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Darwin Correspondence Project

To J. D. Hooker   25 March [1874]1

Down, | Beckenham, Kent.

March 25

My dear Hooker

I am glad to hear about the Hedychium, & how soon you have got an answer!2 I hope that the wings of the Sphinx will hereafter prove to be bedawbed with pollen, for the case will then prove a fine bit of prophecy from the structure of a flower to special & new means of fertilisation.3 By the way I suppose you have noticed what a grand appearance the plant makes when the green capsules open, & display the orange & crimson seeds & interior, so as to attract birds, like the pale buff flowers to attract dusk-flying Lepidoptera. I presume you do not want seeds of this plant, as I have plenty from artificial fertilisation.—

I have been working so hard at that accursed Descent of Man,4 that I have done nothing & read nothing,—not even H. Spencer’s answer. George says that he does not think that H. S. has answered all Molton’s objection on physical grounds, & he cannot judge on other points.5 I have not yet read Croll, & have heard nothing about Carter & the Eoozoon.6 I infer that Eoozoon is done for: good Heavens how difficult it is to know what to believe! Belt I have read, & I am delighted that you like it so much.7 It appears to me the best of all the Nat. Hist. Journals which have ever been published. I have written to Fritz Müller to tell him to observe the leaf-carrying ants, & the mould generated on the chopped leaves: by opening the stomachs of the larvæ, he could soon make out the nature of their food.8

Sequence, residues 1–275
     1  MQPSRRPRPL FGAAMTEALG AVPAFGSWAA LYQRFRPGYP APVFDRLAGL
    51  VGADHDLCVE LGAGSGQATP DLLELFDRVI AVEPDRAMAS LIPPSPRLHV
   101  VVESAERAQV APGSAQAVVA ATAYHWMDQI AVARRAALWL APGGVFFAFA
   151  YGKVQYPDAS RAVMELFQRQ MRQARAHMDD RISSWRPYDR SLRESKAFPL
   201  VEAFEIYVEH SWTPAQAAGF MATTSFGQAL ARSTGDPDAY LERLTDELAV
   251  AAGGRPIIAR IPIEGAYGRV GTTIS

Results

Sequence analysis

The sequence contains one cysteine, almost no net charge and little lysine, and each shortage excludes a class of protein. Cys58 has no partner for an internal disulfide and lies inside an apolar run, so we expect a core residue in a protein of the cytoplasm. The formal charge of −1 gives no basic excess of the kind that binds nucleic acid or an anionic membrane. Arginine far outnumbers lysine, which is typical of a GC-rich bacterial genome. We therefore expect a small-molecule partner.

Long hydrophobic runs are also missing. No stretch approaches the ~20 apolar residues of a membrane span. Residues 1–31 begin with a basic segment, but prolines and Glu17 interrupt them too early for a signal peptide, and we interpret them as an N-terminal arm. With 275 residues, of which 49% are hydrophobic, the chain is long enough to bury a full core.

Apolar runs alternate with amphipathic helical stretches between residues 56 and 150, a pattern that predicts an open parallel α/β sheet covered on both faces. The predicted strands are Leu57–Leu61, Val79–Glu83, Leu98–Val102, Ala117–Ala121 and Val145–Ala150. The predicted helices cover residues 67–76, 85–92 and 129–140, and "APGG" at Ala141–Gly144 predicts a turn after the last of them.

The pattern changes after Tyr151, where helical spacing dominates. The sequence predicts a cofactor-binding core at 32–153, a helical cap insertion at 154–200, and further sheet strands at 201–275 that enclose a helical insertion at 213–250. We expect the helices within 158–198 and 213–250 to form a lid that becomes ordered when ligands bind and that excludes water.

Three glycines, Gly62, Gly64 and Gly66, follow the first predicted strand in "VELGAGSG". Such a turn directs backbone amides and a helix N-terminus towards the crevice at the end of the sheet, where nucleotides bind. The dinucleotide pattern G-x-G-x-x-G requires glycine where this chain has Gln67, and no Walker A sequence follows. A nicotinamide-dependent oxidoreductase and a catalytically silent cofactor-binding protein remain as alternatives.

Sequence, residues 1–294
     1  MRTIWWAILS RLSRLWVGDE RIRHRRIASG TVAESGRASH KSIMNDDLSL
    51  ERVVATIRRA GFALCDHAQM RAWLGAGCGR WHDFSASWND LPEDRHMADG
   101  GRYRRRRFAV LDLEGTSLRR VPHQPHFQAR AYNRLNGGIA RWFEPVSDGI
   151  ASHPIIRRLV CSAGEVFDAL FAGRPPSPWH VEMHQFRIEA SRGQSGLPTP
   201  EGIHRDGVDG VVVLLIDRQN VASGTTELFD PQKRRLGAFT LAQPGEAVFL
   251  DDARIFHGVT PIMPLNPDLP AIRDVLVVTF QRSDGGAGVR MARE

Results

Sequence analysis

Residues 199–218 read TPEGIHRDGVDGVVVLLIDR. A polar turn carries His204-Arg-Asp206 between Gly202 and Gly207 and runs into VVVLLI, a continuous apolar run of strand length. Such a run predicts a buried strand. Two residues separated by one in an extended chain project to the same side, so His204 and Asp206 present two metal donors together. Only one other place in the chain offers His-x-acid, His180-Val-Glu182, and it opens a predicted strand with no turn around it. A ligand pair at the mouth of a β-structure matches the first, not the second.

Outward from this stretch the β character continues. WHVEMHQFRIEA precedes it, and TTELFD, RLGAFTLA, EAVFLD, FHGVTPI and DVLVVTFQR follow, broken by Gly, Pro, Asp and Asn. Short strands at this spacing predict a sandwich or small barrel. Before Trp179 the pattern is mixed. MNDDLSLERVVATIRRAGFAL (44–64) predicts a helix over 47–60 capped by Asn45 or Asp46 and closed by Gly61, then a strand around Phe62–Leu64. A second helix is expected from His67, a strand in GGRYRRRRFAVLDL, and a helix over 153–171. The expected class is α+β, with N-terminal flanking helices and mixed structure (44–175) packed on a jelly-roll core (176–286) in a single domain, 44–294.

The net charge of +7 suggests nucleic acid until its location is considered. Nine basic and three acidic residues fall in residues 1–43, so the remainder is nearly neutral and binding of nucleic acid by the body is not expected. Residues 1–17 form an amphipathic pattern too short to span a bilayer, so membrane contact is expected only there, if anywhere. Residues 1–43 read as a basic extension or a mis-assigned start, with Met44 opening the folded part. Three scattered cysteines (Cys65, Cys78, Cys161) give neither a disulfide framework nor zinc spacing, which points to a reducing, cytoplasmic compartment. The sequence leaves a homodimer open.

I hope to finish Descent in about ten days & then after a little rest I hope to resume Drosera & glaucous leaves.—9 I am now trying a lot of plants, divided into 2 lots; one of which I am feeding with meat & the other not. Half a century ago the nurseryman Knight said the same thing as Lady Dorothy’s gardener about Dionæa.10 B. Sanderson is going to lecture about Dionæa at R. Institution in May, & I have sent him my M.S, for him to be able to say a little about the general habits of the plants.—11 I fear you cannot possibly do anything about Nepenthes; but I hope Dyer does.12

I am so weary of correcting & adding to old work, that I long to be at new work.13

You give a wretched account of all your belongings; those infectious complaints are most bothersome; & I am very sorry to hear about your sister.14 We have here a poor household,— George & Horace in a poor state of health & can do nothing.15